The Grand Medieval Bestiary

I love books. I also love history. Combine the two subjects and you have my next favorite thing after Paganism. Of course, my job in the real world is to buy books and sometimes I get to buy some really cool things.

Today we received The Grand Medieval Bestiary.

Bestiaries are really fascinating. They were Medieval compendiums of animals that cataloged each animal’s characteristics and the moral lessons and symbolism associated with each beast. In the Medieval, Christian world, the Word of God created everything and therefore, everything in it was a reflection of the Word of God. A lot of Pagan lore and mythology slipped into this and a great deal of the stories we have today were kept in these bestiaries. In what was a time of great darkness, these books shine through the years as the works of art and lore that they are. I find these to be particularly compelling books, that ultimately show the power of words and through them, magic.

Here are some pictures from this particular modern Bestiary.

This one amuses me greatly. I really want to start singing “Bad Horse”.

IMG_1416

IMG_1419

Actaeon’s transformation after he has come across Artemis bathing.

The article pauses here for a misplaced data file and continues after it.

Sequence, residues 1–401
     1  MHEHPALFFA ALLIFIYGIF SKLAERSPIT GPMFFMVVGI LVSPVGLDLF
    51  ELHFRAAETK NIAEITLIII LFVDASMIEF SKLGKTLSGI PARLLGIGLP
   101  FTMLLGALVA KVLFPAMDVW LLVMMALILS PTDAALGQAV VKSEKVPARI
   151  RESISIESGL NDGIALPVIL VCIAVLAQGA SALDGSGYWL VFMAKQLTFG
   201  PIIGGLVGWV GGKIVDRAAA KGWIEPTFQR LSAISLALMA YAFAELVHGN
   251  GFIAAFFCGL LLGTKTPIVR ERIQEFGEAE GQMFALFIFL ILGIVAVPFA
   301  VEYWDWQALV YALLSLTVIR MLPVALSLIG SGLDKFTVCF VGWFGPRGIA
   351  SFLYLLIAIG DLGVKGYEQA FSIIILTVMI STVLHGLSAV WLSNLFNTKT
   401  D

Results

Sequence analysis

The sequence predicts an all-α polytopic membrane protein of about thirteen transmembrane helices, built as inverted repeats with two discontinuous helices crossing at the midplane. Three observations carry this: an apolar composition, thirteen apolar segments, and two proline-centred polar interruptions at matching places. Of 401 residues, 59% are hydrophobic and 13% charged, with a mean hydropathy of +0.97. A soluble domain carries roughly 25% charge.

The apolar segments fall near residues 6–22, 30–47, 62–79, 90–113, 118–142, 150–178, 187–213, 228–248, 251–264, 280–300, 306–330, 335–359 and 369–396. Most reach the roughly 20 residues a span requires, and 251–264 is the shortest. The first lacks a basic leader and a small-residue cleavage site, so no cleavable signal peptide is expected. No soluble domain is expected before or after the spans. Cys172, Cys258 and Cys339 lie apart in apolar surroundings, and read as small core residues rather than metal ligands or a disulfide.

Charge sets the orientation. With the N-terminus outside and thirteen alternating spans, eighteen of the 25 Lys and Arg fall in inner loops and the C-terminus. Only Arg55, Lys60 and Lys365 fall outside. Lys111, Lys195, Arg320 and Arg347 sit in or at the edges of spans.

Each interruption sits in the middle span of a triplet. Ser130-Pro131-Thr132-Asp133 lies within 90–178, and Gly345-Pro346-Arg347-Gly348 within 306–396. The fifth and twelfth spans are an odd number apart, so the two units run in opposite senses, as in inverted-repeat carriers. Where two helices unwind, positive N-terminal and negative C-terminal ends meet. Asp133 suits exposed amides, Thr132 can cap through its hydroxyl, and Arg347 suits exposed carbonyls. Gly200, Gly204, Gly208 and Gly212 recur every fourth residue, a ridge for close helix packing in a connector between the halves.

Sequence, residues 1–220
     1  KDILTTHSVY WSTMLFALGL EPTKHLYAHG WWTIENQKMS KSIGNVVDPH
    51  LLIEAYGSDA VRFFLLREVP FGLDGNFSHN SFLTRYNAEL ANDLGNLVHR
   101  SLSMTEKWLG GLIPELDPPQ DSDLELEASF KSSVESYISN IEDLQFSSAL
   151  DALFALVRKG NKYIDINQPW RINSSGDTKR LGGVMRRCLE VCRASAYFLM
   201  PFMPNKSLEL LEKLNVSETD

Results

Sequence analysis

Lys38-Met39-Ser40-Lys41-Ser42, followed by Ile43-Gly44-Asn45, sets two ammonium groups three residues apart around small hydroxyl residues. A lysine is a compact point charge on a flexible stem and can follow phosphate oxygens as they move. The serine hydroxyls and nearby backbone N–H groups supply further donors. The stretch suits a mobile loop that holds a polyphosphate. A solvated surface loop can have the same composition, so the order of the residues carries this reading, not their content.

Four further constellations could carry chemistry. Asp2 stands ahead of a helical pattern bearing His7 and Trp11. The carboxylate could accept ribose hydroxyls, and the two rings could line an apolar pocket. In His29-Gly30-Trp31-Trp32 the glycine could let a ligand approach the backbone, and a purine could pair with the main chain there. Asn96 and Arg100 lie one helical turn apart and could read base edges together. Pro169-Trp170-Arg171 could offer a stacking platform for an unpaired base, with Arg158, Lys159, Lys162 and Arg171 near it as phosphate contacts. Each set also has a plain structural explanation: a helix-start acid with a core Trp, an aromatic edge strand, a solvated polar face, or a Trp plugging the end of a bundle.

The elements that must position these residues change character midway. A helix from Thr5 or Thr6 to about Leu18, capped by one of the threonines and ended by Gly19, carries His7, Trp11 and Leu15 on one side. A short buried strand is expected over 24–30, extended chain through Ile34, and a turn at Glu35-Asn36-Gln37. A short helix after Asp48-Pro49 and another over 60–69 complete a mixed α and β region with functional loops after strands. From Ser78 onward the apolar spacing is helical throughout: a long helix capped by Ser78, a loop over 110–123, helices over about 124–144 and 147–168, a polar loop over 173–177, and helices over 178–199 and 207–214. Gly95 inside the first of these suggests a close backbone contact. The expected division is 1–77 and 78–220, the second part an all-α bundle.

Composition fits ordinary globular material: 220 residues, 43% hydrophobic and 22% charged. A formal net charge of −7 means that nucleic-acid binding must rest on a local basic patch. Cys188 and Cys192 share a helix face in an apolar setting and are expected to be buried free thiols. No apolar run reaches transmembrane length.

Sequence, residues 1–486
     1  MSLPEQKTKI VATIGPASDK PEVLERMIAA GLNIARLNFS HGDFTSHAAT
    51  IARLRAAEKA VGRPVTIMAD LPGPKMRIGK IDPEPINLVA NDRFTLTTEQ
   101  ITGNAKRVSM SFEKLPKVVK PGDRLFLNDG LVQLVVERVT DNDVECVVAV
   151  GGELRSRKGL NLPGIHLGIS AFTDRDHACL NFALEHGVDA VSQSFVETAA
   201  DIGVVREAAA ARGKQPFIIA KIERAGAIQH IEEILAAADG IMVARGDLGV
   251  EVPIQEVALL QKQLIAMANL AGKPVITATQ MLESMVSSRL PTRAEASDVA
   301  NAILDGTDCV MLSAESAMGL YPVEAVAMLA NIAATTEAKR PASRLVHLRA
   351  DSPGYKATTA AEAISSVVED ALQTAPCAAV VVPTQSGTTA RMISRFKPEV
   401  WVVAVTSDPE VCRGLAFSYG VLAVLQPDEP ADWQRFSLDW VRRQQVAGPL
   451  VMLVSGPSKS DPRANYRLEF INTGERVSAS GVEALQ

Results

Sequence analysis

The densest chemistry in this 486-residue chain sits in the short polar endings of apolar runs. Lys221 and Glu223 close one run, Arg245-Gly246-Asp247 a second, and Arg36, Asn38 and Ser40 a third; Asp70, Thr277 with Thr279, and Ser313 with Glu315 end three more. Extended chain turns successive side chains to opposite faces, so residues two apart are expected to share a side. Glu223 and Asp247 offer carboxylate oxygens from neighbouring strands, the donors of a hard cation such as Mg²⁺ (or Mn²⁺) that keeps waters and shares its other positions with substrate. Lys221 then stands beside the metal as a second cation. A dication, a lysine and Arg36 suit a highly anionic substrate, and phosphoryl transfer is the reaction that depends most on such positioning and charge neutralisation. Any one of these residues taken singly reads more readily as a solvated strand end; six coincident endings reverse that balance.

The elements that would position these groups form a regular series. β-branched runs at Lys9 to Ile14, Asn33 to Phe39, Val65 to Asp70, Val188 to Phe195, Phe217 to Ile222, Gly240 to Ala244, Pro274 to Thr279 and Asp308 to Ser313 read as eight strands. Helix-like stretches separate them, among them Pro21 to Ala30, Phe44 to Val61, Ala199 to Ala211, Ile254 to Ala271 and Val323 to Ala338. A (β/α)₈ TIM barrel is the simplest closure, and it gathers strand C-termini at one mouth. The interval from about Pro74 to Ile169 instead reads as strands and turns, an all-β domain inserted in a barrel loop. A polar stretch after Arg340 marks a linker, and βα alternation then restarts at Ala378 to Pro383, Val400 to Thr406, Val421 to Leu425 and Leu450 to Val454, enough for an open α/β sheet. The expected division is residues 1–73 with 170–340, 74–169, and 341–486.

IMG_1421

IMG_1422

IMG_1427

IMG_1429

IMG_1431

IMG_1433

IMG_1434

IMG_1438

IMG_1439

IMG_1440

IMG_1441

The Common House Cat…also possibly some foot fetishists…

IMG_1442

IMG_1444

IMG_1445

IMG_1446

IMG_1447

IMG_1448

IMG_1449

IMG_1450

IMG_1451

IMG_1455

I would hate to have this monkey as a teacher.

IMG_1456

IMG_1457

IMG_1458

IMG_1461

IMG_1463

IMG_1464

IMG_1466

IMG_1469

IMG_1471

IMG_1473

IMG_1475

IMG_1477

IMG_1479

These were just a few of my favorites. If you want to know more about Bestiaries, check out:

The Medieval Beastiary, Animals in the Middle Ages

The Medieval Beastiary

“Medieval Bestiaries and the Birth of Zoology” 
by Aura Beckhöfer-Fialho

Books of Beasts in the British Library: the Medieval Bestiary and its context

Medieval Bestiary

If you want to read more about Medieval books, look at:

The Last of the Great Chained Libraries

The Evolution of the Medieval Book

The Art of the Book in the Middle Ages

The Medieval Library

Leave a Reply

Fill in your details below or click an icon to log in:

WordPress.com Logo

You are commenting using your WordPress.com account. Log Out / Change )

Twitter picture

You are commenting using your Twitter account. Log Out / Change )

Facebook photo

You are commenting using your Facebook account. Log Out / Change )

Google+ photo

You are commenting using your Google+ account. Log Out / Change )

Connecting to %s